Wednesday, January 27, 2010

#71: Viewpoint Wars

The Observer is one of the most loved or hated things at Notre Dame.  Some students make sure to read it every day, always checking the Question of the Day (see #46), the Viewpoint section, the front page, and (of course) the comics.  Other students almost never pick up the paper, instead opting to read the complimentary national newspapers with their dining hall meals.

However, if there is one thing that can get every Notre Dame Student to pick up and read The Observer, it is raging Viewpoint war about a controversial issue.  While some of these issues come up for a short while (such as Barack Obama speaking at commencement) and will probably never appear in the Viewpoint section again, many issues that create Viewpoint wars appear in the section on an almost annual basis.

Issues such as the unique relationship between Notre Dame and Saint Mary’s (see #43.5), the disappointing nature of the football team, bookstore basketball team names, violence off-campus, single-sex dorms, and the acceptance of LGBT students at Notre Dame appear quite frequently in the pages of the viewpoint section.  Nearly every year an incident will happen that will again bring these issues to the forefront and cause even the most reluctant Notre Dame Student to pick up The Observer and read the next level of rhetorical sparring.

When The Observer is in the midst of a Viewpoint War, their e-mail inbox is flooded with letters and comments about the controversy.  Even the most passive Notre Dame Student wants to get their two cents in and takes to their laptop to pen the most passionate (and usually predictable) argument possible.  The section becomes dominated by the single topic for days and weeks (or, in the case of Obama, months), and columns or letters not pertaining to the war simply fall by the wayside.

Viewpoint Wars are important because they depict Notre Dame Students at their best (or, more often, at their worst).  While they are always overblown, they depict the issues that are important to the student body, and the ones that are most controversial amongst the student body.  They get the students actively talking about topics, and they throw the most troublesome issues into the limelight.  Because of this, Notre Dame Students love Viewpoint Wars.

Monday, January 11, 2010

#70: Switching from Engineering to Business

Notre Dame Students have high expectations.  They expect a lot out of their professors: hoping for slides to be put online and class notes to be printed out.  They expect a lot from their Thursday nights: hoping for plenty of drinking and time to see all of their friends.  They expect a lot from their football team: a national championship or bust.  Most of all, however, Notre Dame Students expect a lot out of themselves.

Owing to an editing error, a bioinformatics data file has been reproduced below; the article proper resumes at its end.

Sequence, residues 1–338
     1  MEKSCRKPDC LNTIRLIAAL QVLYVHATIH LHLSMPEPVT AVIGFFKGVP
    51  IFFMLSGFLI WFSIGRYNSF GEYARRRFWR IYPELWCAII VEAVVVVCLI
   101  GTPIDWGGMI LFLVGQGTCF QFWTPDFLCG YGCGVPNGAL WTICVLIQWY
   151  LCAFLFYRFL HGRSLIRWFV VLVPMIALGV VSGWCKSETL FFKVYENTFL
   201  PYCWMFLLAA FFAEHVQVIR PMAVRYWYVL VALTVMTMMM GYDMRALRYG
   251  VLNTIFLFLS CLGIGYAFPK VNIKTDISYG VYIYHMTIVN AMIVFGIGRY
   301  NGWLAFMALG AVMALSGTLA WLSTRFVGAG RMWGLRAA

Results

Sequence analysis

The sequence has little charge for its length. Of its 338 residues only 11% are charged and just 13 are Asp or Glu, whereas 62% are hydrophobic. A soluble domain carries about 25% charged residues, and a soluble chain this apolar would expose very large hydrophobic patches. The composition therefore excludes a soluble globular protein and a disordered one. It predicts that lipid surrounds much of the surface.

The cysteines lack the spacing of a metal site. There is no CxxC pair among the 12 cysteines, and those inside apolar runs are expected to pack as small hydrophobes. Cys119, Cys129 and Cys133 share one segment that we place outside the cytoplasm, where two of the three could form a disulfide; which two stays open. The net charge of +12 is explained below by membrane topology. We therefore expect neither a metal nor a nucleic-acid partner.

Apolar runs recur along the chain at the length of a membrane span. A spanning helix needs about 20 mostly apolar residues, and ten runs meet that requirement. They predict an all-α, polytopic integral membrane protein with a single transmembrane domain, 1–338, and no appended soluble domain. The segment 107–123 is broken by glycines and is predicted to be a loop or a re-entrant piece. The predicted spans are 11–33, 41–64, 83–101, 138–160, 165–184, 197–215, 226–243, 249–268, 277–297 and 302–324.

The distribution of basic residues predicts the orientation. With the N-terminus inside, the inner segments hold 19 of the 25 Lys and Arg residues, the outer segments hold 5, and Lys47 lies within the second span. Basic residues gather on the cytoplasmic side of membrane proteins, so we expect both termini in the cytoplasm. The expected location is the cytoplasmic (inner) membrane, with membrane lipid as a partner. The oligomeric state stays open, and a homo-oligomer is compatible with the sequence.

Expecting a lot from themselves, students enter the University of Notre Dame expecting to participate in difficult and promising majors.  They state their intention to major in Pre-Med or Architecture or Science or Engineering knowing that these majors are complicated, and knowing that their completion will be challenging. 

Soon enough, however, Notre Dame Students will switch their major from Engineering (or a similarly taxing major) to Business (or a similarly less complicated major).

There are many reasons for this traditional switch in major (which usually comes in the second or third semester).  Some of these students had been originally pressured by their parents to do something they don’t want to do (and then rebel, because they are in college).  Many students were led to believe that their strengths were in math and science simply because they were great at these subjects in high school.  Other students simply do not know what they want to do with their life when they are 18 years old.

The most important reason, however, that students change their majors from engineering to business is so that these students have plenty of time to do things that are SO college at night and on the weekends (see #11).  While engineering classes have labs on Friday afternoons (and pre-med classes have their own things to do then), most business classes allow students to have wide open schedules on these Friday afternoons (and for upperclassmen, all of Friday) so that they can start their weekend off right.

Furthermore, the amount of work that business students have (and the level of attentiveness these students need for their classes) allow these students to spend many weeknights doing nothing but watching television and playing drinking games.  Once students realize that these are the things they want to take away from their college experience, they realize that it is time to change majors.

This major switch is exemplified by the science-business and math-business majors that appear for many sophomores.  These majors are briefly declared by many students who believe they need a change, but want to keep up the appearance that they are more academic than their business counterparts.  Usually they hold this distinction over the heads of their business-only friends for a semester or two pretending that they might actually go to med school until they realize the easier work load of a business major is the right way to go, and they declare a business-only major.

Overall, changing from engineering to a business major is one of the most popular major switches at the University of Notre Dame, a switch that is always taken lightly.